Small-scale imagery: a useful tool for mapping geological features in the Texas Gulf Coastal Plain.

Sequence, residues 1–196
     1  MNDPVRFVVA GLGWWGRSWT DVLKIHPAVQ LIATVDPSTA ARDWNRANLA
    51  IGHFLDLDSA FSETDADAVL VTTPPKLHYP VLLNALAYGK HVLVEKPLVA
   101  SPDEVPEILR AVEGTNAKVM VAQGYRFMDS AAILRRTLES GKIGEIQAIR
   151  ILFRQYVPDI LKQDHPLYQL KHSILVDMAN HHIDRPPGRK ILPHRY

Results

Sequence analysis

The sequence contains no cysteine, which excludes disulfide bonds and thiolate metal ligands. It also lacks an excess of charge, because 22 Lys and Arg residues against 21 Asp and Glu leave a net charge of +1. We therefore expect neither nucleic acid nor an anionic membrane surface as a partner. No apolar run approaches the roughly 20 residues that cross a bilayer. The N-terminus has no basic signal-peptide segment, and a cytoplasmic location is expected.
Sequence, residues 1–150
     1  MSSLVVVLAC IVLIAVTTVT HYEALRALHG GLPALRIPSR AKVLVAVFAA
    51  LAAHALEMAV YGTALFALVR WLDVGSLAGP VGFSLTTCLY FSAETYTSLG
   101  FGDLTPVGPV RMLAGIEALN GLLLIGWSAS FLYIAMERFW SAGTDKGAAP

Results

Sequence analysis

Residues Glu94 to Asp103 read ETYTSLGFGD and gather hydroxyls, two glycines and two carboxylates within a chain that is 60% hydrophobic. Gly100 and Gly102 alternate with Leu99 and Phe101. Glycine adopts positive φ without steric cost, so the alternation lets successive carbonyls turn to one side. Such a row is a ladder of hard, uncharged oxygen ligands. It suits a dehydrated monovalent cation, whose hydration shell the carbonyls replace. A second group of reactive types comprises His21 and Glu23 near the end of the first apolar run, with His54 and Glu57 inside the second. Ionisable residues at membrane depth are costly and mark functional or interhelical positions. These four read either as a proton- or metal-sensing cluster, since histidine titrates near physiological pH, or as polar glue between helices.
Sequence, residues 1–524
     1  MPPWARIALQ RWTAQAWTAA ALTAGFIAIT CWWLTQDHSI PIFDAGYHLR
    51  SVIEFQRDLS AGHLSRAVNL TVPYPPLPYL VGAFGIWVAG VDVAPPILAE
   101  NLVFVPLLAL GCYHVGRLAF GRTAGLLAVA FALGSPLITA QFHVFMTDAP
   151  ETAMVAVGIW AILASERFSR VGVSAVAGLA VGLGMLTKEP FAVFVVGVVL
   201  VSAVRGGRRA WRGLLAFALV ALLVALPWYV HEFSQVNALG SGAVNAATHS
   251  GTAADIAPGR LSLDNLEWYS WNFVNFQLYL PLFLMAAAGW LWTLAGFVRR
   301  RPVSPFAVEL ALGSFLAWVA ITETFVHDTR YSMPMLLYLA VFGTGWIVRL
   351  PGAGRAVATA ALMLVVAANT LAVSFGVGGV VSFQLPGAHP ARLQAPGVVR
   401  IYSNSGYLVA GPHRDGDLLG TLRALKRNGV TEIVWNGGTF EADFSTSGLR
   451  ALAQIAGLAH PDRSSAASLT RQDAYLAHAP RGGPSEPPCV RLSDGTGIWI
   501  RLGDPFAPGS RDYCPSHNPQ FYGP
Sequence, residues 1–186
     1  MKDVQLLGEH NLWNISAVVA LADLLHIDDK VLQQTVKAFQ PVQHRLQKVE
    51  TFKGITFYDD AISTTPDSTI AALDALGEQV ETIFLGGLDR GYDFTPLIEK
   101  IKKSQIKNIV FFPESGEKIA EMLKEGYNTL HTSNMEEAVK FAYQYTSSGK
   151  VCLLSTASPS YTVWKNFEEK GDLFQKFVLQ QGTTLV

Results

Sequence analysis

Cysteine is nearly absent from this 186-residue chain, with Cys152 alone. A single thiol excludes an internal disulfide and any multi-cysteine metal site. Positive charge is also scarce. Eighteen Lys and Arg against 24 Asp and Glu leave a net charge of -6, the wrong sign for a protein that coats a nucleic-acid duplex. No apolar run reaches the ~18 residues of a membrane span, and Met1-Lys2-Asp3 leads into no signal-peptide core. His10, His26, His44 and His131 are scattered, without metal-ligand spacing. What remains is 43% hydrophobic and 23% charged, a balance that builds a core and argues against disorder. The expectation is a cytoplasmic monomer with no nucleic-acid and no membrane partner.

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Imagery taken from altitudes of 150 to 500 km with high-resolution cameras offers the exploration geologists a reconnaissance tool at a new scale and very reasonable costs. Most of the United States and portions of the rest of the world have been imaged recently by NASA spacecraft. In addition, large portions of the United States have been photographed by NASA aircraft from altitudes of 15 to 18 km. A sample of this imagery includes photographs and multispectral scanner imagery from the Apollo, LANDSAT, and Skylab spacecraft over an area west of Houston, Texas. Large circular features and lineaments can readily be mapped. One of the circular features identified by drainage, vegetation, and soil-tone anomalies, occurs in Fort Bend County, Texas, and covers an area about 25 miles in diameters. Another circular feature lies to the north, immediately west of Houston, and is about 15 miles in diameter. These features may represent the surface expression of deeply-buried positive structures. A photolinear expressed in drainage and vegetation patterns extends from Matagorda on the Gulf Coast toward the north along the Colorado, Brazos, and Navasota Rivers. This lineament and others possibly mark surface traces of old, deep-seated fractures that would extend approximately at right angles to the coastline and to mapped growth faults. The geologic causes, if any, for the very large photo anomalies have not been determined, but similar, smaller photo anomalies can be identified as the surface traces of geological structures. Photolinears are readily mapped on small-scale, color-infrared, aerial photographs in the Houston area. Some of these linears coincide with surface traces of previously-known, active faults. Others coincide with faults mapped during this investigation.